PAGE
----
Marble tombstones courtesy media.cleveland.com.
Our trolley wound its way up and down the rolling hills of Arlington National Cemetery in Virginia. We passed row after row of evenly placed Vermont and Georgia marble tombstones commemorating the deaths of over 400,000 American servicemen. Trees dotted the neatly manicured grass. Gardens bloomed with brilliant flowers. A gentle breeze wafted through the trolley, a much needed respite from the beating sun.
View of Washington DC from Arlington Cemetery courtesy cdn2.virtualtourist.com.
Our first stop was President John F. Kennedy's tomb, marked by an eternal flame. We exited the trolley to take photographs. A large plaque commemorated the President and his wife Jacqueline. Two smaller plaques marked the graves of the two children that predeceased them, a stillborn girl in 1956, and Patrick, who lived only two days, in 1963. After putting away our cameras, we noticed the breathtaking view of the Capitol Building and Washington DC in all its splendour below us. Our trolley tour guide had told us that President Kennedy had seen that same view when he had visited Arlington Cemetery in the spring of 1963. His words were: "I could stay here forever." His request was granted far too soon.
Jacqueline Kennedy placing flowers at her husband's grave after his re-internment in March 1967 courtesy jfklibrary.org.
We were enjoying the view so much that we did not want to get back on the trolley. We decided instead to follow a group of people who looked like they knew where they were going. Soon we saw a sign marked "Tomb of the Unknown Soldier". We followed more signs with the same name. Up the hill we went. We followed a cement path which seemed like it might go on forever. Finally, we came to our destination.
An amphitheatre, which resembled the Colosseum when it was new, sat among gardens and shrubs. We found our way around the amphitheatre until a large tomb appeared made of marble. A guard marched back and forth, back and forth, taking 21 steps, changing the position of his rifle, turning, and taking 21 steps again. Despite the heat of the day, he somehow managed to look clean and neat. We squinted in the sun and watched two other guards, a sergeant and a private, march out to the tomb. In a ceremony which took several minutes, they performed "the changing of the guard". Once the new guard was installed, the other two guards brought out a wreath to be laid. A bugler appeared and played TAPS. Then the crowd dispersed, including people from neighbouring states who climbed back in their vehicles and headed home.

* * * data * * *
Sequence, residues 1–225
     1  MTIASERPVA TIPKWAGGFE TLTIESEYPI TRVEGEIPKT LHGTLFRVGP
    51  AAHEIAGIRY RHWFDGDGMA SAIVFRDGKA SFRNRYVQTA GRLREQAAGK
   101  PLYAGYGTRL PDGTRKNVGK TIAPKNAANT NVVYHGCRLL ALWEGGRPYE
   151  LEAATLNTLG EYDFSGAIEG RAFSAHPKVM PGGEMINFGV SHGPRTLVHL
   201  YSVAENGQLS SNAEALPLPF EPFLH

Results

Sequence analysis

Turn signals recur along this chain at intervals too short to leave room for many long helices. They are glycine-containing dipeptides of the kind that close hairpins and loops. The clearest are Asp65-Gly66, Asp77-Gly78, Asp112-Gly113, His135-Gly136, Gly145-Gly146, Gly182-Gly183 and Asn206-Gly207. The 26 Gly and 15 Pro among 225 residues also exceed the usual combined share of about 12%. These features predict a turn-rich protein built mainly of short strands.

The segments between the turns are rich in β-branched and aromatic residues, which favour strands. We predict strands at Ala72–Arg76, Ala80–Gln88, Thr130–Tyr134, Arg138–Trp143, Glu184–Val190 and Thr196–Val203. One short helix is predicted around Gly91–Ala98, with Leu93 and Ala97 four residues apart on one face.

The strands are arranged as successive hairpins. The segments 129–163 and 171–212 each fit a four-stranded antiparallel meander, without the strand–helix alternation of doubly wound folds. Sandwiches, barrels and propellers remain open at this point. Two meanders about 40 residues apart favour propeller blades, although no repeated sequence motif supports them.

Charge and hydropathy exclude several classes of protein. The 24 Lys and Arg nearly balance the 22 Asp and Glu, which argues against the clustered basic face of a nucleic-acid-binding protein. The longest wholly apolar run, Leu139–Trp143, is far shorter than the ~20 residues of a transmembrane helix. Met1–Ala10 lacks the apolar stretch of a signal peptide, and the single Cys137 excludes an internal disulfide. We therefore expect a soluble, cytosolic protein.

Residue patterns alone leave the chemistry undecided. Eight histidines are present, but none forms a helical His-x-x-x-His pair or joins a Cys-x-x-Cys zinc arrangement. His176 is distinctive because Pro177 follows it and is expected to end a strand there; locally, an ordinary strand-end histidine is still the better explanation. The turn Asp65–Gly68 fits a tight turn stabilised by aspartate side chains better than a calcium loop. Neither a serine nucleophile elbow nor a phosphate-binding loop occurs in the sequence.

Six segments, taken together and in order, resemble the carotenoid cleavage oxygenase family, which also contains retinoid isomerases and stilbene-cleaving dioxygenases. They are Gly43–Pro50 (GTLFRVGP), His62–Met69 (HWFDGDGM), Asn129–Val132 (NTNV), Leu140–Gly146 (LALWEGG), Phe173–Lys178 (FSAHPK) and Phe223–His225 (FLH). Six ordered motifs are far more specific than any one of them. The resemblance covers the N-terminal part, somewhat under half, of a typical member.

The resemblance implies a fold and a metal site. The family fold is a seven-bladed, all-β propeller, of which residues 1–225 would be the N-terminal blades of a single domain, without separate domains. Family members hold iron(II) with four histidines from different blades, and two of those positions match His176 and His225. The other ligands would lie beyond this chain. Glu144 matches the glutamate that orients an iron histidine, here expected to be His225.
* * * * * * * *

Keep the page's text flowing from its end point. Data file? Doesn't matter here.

Tomb of the Unknown Soldier courtesy dc.about.com.
We headed to a bench hoping to catch the next trolley. After a few minutes, though, we realized it was not a trolley stop. While waiting I did have a chance to get another magnificent view of the Capitol Building.
We finally found the trolley stop, climbed on board and headed back. We passed a mansion with giant pillars on the top of a hill. Was this Washington's house? No, it was General Robert E. Lee's house. Lee was married to Martha Custis Washington, the great-granddaughter of George Washington. Arlington House sat on a large, heavily wooded piece of property. After the Civil War, in order to put General Lee in his place, the Union confiscated his estate. This way, Lee would never be able to return home (and he never did). Now the building serves as a museum.
Union troops occupy Arlington Heights during the Civil War courtesy campmartintravels.blogspot.ca.
Our trolley wound its way down the hill, back to the main building. I purchased a picture book about Arlington Cemetery with the drawing of an American soldier on the front cover. Not just anyone gets into Arlington. You have to earn your way in. Our American tour guide told us that her son, who has completed five tours of duty overseas, has just earned his right to be buried at Arlington. It was an honour to see the graves of these real life heroes. May they rest in peace.